On Wed, 2018-03-28 at 10:07 +0100, Will Deacon wrote: > > For arm/arm64 we guarantee ordering for (1) but not for (2) -- you'd need to > add an mb() to make it work. > > Do both of these work on power?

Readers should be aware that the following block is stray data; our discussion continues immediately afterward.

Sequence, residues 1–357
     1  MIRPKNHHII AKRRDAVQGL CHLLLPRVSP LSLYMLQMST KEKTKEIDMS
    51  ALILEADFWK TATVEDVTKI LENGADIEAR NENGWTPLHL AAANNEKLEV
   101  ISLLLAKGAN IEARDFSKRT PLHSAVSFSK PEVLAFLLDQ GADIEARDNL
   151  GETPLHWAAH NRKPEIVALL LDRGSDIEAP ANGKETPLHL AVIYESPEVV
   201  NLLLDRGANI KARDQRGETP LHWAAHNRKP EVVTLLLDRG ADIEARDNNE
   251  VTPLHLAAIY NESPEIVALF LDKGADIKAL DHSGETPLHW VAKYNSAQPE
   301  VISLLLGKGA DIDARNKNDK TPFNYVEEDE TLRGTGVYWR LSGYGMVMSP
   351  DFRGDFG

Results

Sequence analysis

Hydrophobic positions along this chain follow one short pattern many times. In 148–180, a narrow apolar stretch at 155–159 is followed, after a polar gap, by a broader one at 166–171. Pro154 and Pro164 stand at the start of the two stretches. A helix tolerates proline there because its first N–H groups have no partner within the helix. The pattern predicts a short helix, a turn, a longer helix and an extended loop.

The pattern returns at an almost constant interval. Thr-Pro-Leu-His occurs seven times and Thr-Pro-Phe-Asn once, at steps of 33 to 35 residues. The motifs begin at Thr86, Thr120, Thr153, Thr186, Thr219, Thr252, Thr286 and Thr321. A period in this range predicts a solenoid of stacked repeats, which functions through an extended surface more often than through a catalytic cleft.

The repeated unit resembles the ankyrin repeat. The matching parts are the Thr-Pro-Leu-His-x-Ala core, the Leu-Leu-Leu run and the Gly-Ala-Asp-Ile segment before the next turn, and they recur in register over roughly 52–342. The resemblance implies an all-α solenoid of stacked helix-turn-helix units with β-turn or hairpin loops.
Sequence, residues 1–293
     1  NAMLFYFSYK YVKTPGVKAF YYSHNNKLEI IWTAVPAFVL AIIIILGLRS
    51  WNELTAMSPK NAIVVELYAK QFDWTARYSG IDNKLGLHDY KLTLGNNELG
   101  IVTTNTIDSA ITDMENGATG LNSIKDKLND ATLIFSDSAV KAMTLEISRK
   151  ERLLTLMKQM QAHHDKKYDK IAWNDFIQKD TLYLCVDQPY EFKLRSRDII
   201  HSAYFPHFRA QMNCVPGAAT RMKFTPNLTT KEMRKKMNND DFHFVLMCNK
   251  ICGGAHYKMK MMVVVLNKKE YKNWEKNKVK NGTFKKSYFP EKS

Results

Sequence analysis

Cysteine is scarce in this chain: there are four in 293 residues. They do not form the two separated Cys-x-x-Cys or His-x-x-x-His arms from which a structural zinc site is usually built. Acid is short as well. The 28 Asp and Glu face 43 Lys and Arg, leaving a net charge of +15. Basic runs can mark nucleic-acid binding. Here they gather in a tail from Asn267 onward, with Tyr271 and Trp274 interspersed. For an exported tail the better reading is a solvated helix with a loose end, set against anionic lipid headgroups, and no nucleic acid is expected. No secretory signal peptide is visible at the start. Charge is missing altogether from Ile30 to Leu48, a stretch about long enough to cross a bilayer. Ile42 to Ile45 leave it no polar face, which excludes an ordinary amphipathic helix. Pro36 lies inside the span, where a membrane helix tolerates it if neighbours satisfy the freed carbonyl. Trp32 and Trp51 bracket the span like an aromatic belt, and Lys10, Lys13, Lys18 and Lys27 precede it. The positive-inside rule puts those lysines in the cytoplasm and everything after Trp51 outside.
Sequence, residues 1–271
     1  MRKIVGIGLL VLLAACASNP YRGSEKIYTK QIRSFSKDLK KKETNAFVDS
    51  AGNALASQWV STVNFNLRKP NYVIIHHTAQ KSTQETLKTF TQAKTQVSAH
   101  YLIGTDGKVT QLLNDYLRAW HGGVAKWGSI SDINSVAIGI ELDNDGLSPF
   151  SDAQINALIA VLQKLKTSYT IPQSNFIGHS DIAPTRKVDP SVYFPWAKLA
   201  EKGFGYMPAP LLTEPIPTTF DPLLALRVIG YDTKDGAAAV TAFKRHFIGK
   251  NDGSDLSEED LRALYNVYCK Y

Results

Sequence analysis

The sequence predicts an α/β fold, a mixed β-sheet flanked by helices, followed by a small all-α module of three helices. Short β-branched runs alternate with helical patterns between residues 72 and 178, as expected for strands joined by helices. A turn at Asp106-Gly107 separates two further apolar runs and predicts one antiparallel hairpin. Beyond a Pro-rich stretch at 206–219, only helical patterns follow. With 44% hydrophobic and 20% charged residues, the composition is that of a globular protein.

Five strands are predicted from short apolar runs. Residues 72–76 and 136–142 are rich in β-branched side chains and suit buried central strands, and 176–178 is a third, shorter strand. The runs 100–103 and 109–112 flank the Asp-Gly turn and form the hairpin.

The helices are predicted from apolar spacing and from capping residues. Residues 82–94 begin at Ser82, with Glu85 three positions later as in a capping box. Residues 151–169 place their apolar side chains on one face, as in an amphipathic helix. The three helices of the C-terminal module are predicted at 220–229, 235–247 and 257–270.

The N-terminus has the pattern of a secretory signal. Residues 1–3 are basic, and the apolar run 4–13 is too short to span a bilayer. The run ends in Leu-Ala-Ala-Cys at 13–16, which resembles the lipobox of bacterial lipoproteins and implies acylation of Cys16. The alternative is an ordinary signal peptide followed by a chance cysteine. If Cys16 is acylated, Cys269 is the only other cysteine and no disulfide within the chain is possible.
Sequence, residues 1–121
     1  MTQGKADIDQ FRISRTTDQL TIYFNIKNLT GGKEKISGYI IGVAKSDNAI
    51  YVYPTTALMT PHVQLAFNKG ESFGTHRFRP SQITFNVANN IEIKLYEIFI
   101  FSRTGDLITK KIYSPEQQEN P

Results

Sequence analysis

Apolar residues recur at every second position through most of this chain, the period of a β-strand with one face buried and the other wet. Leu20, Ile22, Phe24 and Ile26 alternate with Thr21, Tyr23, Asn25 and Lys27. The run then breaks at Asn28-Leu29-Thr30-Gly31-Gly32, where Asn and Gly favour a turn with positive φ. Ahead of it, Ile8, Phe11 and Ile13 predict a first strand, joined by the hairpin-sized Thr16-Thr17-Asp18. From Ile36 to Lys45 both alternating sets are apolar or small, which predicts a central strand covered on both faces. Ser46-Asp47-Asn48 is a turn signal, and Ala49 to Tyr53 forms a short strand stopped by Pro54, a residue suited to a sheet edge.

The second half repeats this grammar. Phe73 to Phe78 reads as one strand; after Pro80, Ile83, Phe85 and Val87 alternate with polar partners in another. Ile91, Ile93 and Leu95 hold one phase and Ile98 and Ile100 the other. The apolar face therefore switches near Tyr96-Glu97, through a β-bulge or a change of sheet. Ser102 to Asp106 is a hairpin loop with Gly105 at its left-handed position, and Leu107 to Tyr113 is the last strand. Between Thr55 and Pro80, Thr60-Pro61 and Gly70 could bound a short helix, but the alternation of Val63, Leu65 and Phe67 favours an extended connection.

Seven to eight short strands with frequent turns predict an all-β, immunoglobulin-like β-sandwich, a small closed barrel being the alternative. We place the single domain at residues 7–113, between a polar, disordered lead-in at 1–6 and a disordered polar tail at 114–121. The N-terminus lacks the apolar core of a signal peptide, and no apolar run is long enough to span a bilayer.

Yes. There's even another quirk, see further down ;-) > If so, I guess I can make readl even more > expensive :/ Feels a bit like the tail wagging the dog, though. Maybe, but then readl is always horribly slow anyway so you may not necessarily be losing that much. > Another thing I just realised is that we restrict the barriers we use in > readl/writel on arm64 so that they don't necessary apply to both loads and > stores. To be specific: > > writel is ordered against prior writes to memory, but not reads That could be tricky... You may end up with something that reads before triggering a DMA and ends up with the post-DMA value ... ugh. > readl is ordered against subsequent reads of memory, but not writes (but > note that in example (1) above, the control dependency ensures that). > > If necessary, I could move the barrier in our readl implementation to be > before the read, then play the control-dependency + instruction-sync (ISB) > trick that you do on power. Yeah so that other trick I'm talking about is also used for timing accuracy. For example, let's say I have a device with a reset bit and the spec says the reset bit needs to be set for at least 10us. This is wrong: writel(1, RESET_REG); usleep(10); writel(0, RESET_REG); Because of write posting, the first write might arrive to the device right before the second one. The typical "fix" is to turn that into: writel(1, RESET_REG); readl(RESET_REG); /* Flush posted writes */ usleep(10); writel(0, RESET_REG); *However* the issue here, at least on power, is that the CPU can issue that readl but doesn't necessarily wait for it to complete (ie, the data to return), before proceeding to the usleep. Now a usleep contains a bunch of loads and stores and is probably fine, but a udelay which just loops on the timebase may not be. Thus we may still violate the timing requirement. What we did inside readl, with the twi;isync sequence (which basically means, trap on return value with "trap never" as a condition, followed by isync that ensures all excpetion conditions are resolved), is force the CPU to "consume" the data from the read before moving on. This effectively makes readl fully synchronous (we would probably avoid that if we were to implement a readl_relaxed). Cheers, Ben.